Republicans vow to draw stark lines with DFL on budget, marriage.
Minnesota's Republican Party is a political enterprise in need of a turnaround, and its first opportunity could come when the gavel falls to open the legislative session Tuesday.
Republican legislators who ran both houses for the past two years have been relegated to the minority, following a disastrous election performance in November.
Now, the session and its thorny, perennial issues -- the budget and continuing deficits, the debate over gay marriage, the state's tax policy, federal involvement in health care, perhaps even a battle over guns -- could, in the eyes of some, offer the GOP a pathway back into the voters' affections.
"We like the opportunities that we're going to have to point out the differences," said Rep. Kurt Daudt, the incoming House Republican leader, who lives in rural Isanti County. "We think you're going to see stark contrasts between what liberal Democrats believe and what conservatives believe."
Sen. David Hann, R-Eden Prairie, incoming Senate minority leader, said that while they lost the election, "philosophically, we don't think our ideas are wrong." Republicans' task, he said, is doing "a better job of communicating those ideas."
That includes holding down taxes and spending, promoting free-market solutions in health care and other areas, making the state more business-friendly and retaining the traditional legal definition of marriage.
The ideas may not prevail, particularly since the DFL-controlled Legislature has DFL Gov. Mark Dayton to work with. But the GOP leaders believe they can push the debate in their direction and draw sharp lines between two polar positions.
Steven Schier, professor of political science at Carleton College, said he expects the GOP to de-emphasize social issues, which it can no longer prevail on, and focus on the "hardy perennial" of fighting tax hikes. "That unifies Republicans, and it has the potential to appeal to a broad number of voters," Schier said.
Former Republican House Speaker Steve Sviggum, who has experience winning -- and losing -- majorities in the House, said the GOP minority must hold DFL leaders accountable and offer positive alternatives from a conservative perspective. "The state does not need two liberal parties," Sviggum said.
The minority's greatest leverage point, he said, is the capital projects bill -- a popular goodie bag that DFLers will need Republican votes on to reach the required super-majority. Sviggum expects Republicans to hold off on this "bonding" bill until late in the session, using it to influence other bills in the process. "You don't let it out of the box right away," Sviggum said.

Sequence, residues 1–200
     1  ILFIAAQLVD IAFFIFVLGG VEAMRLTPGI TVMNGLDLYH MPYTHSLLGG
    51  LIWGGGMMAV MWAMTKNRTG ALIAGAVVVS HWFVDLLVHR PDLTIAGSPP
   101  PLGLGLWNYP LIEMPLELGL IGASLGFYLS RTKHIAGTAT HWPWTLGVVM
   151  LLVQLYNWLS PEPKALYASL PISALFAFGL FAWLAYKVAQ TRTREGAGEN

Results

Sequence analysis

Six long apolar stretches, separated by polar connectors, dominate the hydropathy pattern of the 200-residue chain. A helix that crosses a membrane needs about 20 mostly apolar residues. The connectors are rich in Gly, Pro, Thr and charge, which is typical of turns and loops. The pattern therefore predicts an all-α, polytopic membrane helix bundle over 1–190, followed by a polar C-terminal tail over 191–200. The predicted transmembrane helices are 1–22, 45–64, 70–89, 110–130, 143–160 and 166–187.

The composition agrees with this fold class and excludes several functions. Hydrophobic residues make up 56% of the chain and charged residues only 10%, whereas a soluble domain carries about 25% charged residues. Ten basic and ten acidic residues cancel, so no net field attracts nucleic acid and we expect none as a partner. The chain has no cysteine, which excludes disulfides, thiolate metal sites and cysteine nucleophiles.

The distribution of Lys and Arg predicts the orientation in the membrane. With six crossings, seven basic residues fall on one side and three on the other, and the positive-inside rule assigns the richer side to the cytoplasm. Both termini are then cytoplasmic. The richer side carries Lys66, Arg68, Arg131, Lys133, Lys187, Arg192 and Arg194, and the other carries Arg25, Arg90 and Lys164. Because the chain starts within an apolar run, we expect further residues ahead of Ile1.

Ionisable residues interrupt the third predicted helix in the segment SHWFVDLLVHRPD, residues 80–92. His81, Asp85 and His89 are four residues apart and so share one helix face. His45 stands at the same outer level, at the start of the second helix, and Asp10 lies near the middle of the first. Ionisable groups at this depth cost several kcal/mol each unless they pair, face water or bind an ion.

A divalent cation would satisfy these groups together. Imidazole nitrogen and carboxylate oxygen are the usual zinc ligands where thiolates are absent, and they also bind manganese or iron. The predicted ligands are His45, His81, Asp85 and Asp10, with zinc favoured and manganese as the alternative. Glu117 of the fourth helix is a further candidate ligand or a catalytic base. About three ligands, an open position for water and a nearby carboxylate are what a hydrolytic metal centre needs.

A familiar place
Being in the minority is a familiar role for Minnesota Republicans: In the four decades since the 1972 election, the GOP has been the minority caucus 95 percent of the time in the Senate and 70 percent in the House.
But in recent years, the more conservative GOP has had a strong run -- eight years under GOP Gov. Tim Pawlenty from 2003-2011, GOP control of the House from 1999-2007, and the breakthrough election of 2010, when the GOP won the House and Senate.
"The reality is, our state is fairly divided," said Hann. "The arguments that we have and the point of view that we have is held by a very large percentage, and in some years, the majority."
While incoming House Speaker Paul Thissen, DFL-Minneapolis, has suggested that the election repudiated Republican budget policies, GOP leaders are hardly recanting.
Hann and Daudt believe the GOP stand for boosting the economy by opposing statewide tax hikes has been validated by forecasts showing growing state revenues, although DFLers attribute that growth to other factors.
Republican leaders plan to continue arguing against tax increases. "Certainly Minnesotans are living within their means, and the state should be able to do the same thing," Daudt said.
Neither are Republicans completely retreating from the issues that may have cost them their majority -- voter ID and a ban on same-sex marriage. Voters rejected both amendments at the same time they handed control of the Legislature to Democrats.
Hann said while voters declined to put a gay marriage prohibition in the state Constitution, "I don't know that you can say, well, based on that, we should change the meaning of marriage."
Daudt signaled that Republicans will oppose a DFL proposal for pre-Election Day periods of early voting, as is common in a number of other states. To Republicans, he said, early voting is as partisan an idea as voter ID was to the DFL. "It allows them to turn their get-out-the-vote machine on two weeks earlier," Daudt said.
On health care, Hann said he wants to ensure that the state's health exchange, required under federal health reform, does not become a conduit for a single-payer health care proposal that some liberals have long championed. Hann said his goal will be to protect the health insurance industry "so that people who work in that industry are not going to lose their opportunity to make a living."
Hann has drawn political flak for applying for an insurance license, but said he did so after last year's legislative session and has not yet sold any policies.
All 134 House seats and the governorship will be before the voters in 2014. "If we do a good job of laying out our message, and our alternative vision for Minnesota, I think we stand a good opportunity to be back in the majority in two years," said Daudt.
Jim Ragsdale • 651-925-5042